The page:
U.S. EPA Proposes to Relax Power Plant Carbon Emissions Restrictions, Fulfilling Trump Campaign Promise
11 September 2018
On August 21, 2018, the U.S. Environmental Protection Agency (EPA) published its proposed Affordable Clean Energy (ACE) rule, fulfilling a Trump campaign promise to eliminate strict coal plant emission limits that President Obama sought to impose in the 2015 Clean Power Plan (CPP).
The proposed ACE rule is now open for public comment, with a deadline of October 30, 2018
As a result of a stay imposed by the U.S. Supreme Court following various legal challenges, principally led by industry supporters, the CPP was never implemented Like the ACE rule, this new proposal is also likely to face legal challenges from NGOs, states and other stakeholders that favor more and stricter regulation.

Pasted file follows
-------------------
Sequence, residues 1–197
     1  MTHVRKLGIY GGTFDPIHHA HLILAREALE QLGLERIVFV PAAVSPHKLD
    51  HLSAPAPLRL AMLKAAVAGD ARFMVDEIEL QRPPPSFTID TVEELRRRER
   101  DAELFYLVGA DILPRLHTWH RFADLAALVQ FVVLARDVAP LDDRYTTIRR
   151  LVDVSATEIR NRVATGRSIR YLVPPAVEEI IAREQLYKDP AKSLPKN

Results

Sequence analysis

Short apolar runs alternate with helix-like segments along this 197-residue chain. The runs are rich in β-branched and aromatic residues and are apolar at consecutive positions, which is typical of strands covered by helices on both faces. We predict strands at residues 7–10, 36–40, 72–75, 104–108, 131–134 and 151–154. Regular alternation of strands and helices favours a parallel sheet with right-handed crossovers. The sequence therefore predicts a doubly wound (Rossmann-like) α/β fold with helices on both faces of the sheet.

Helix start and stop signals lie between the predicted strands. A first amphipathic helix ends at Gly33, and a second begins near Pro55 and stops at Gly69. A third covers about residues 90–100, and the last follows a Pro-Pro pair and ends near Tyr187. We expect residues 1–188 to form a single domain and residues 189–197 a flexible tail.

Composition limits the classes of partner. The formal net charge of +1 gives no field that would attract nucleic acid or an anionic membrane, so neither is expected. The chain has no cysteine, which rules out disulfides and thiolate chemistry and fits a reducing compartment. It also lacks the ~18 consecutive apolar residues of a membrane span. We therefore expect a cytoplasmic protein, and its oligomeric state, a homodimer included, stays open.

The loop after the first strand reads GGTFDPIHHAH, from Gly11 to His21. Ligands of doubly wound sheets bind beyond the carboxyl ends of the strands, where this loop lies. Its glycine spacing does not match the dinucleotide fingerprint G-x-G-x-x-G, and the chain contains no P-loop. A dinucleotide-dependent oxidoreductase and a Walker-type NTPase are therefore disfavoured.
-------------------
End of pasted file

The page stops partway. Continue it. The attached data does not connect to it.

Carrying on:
What the New Rules Would Do
If it is promulgated as proposed and survives legal challenge, the new ACE rule would:
- Cede substantial regulatory control to states;
- Require states to develop and submit to the EPA plans to address greenhouse gas emissions from existing coal- fired power plant based on “emission guidelines” to be established by the EPA
- Identify permissible coal-burning technologies, to be used by the states when setting the power plant performance standards in their state plans;
- Reduce operational triggers that require full plant overhaul;
- Incentivize efficiency improvements at existing power plants; and
- Extend deadlines for submittal and approval of state plans.
What happens next?
The proposed ACE rule is now open for public comment, with a deadline of October 30, 2018. Comments, identified by “Docket ID No. EPA-HQ-OAR-2017-0355,” can be submitted here. More information on how to submit comments can be found the Federal Register’s website.
Following the public comment period, the EPA is expected to hold at least one public hearing.